Dec 19, 2019
Antibiotic resistance has become a major health issue. The correct diagnosis, the patient’s condition, the location of the infection, the sensitivity of the causal microbes, the side effects and costs are all factors contributing this major global problem. According to the World Health Organization (WHO), it is important to warn on the rational use of antibiotics at each level from the farmers, food industry, and healthcare practitioners to the end-users and patients.
World Antibiotic Awareness Week (WAAW) aims to improve antibiotic use and tackle the growing resistance problem. A global action plan was approved at the 68th World Health Assembly in May 2015. Communication, education and training are key factors to optimize the use of antimicrobial medicines in human and animal health. Prevention is the key to spread the antibiotic resistance. This year the WAAW will be hold from November 18th to November 24th 2019.
This awareness week happens as the positive results have come in from 2 referrals carried out by the EMA and PSUSA. Bacterial lysates have been found to be effective in the prevention of recurrent respiratory tract infections and the safety profile is in line with what is expected for this type of product.
Discover the full interview of Pr Guido Ferlazzo (Professor of General Immunology and Pathology, University of Messina, Italy).
1.You recently attended to the SIMG in Florence, the largest congress of General practitioners in Italy. Could you please summarize the outcomes raised during the session on antibiotic-resistance? Why prophylaxis measures in respiratory infections are of importance?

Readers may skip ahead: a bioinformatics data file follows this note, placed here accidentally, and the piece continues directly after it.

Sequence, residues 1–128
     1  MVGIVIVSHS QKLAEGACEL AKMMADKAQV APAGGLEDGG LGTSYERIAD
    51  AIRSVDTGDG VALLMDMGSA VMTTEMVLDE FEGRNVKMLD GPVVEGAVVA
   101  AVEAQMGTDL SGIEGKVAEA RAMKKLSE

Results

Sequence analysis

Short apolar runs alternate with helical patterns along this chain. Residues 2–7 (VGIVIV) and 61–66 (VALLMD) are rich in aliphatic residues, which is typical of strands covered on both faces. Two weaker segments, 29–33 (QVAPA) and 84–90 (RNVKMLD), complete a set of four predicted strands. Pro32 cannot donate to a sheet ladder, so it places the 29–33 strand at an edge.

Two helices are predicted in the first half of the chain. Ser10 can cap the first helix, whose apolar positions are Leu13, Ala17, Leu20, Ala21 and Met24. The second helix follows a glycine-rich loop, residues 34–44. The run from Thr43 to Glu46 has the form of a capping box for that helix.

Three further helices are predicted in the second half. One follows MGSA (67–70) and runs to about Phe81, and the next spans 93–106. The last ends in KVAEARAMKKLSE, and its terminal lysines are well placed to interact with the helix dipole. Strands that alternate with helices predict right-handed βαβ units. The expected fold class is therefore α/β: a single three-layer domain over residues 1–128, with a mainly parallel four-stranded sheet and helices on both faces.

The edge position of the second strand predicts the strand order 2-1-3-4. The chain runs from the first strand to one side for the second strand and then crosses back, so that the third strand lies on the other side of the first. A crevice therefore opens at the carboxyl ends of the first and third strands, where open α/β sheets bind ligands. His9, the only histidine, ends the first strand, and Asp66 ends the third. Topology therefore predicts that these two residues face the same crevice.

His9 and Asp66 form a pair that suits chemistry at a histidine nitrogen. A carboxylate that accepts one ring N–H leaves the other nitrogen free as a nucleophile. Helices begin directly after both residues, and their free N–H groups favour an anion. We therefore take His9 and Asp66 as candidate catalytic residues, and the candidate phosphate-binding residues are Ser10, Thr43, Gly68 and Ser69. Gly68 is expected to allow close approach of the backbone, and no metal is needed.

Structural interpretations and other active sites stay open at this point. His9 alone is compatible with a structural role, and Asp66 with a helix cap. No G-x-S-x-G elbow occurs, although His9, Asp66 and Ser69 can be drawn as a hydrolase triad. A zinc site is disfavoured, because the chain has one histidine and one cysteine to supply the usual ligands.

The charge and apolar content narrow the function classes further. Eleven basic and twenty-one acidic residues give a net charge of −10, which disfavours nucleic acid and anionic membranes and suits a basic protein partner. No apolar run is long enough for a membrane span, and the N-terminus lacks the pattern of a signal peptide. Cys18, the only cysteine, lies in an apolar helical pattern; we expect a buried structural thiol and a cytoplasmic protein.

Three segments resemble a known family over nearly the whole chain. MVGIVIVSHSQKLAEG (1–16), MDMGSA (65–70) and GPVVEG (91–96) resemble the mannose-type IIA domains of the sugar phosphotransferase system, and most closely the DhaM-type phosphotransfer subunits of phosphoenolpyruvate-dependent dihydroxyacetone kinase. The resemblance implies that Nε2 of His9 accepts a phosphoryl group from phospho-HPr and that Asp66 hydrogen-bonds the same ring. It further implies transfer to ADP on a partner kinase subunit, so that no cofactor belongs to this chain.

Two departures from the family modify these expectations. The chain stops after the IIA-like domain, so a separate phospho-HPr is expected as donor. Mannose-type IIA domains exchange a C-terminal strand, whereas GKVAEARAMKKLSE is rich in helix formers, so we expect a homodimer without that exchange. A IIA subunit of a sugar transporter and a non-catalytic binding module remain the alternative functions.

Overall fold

Pr Ferlazzo : “This recent congress gathering General Practitioners (GPs) coming from different geographical sites of Italy, represented a great opportunity for assessing the urgent issue of antibiotic resistance, a growing relevant problem in our country as well as in many others of the western world. As a matter of fact, antibiotic resistance leads to higher medical costs, prolonged hospital stays, and increased mortality.
A relevant aspect emerging during the scientific presentations was the evidence that, although nosocomial resistant infections is a major issue, antibiotic resistance mainly occurs outside the hospitals, either because of the industrial employment of antibiotics or for their excessive prescription in general medicine. In this regard, an European study on antibiotic consumption, which included Italy, showed that Defined Daily Dose (DDD)/1000 people in 2008 resulted in 28.3 for general practice and 2.3 in the hospitals. These data call for an assumption of responsibility by GPs, which should cautiously prescribe and dispense antibiotics, according to current guidelines. At the same time, GPs should talk to their patients about preventing infections, mainly by vaccination when available or by any other prophylactic means able to counteract and contain infection spreading.
The world urgently needs to change the way it prescribes and uses antibiotics, since antibiotic resistance is currently a major threat for humankind. Behavior changes must also include actions to reduce the spread of infections through prophylaxis, hand washing, practicing safer sex, and good food hygiene.”
2.As expert in immunology, do you think immunostimulants, which mode of action is to enhance solely an innate immune answer, may act as prophylaxis in infectious episodes? Do you think such molecules shall be administered during an acute episodes?
Pr Ferlazzo : “The so-called immunostimulants represent a wide family of molecules displaying a large array of mechanism of action, real or just alleged. That said, whether they can aid in the prevention of infectious episodes obviously depends on the nature of the immunostimulation, the clinical context and also on the reasoned administration of these drugs. No doubt that some of the available immunostimulants might assist in the reducing the burden of infections acting by boosting some innate immune responses able to counteract bug invasion; most likely much less useful during acute infectious episodes.”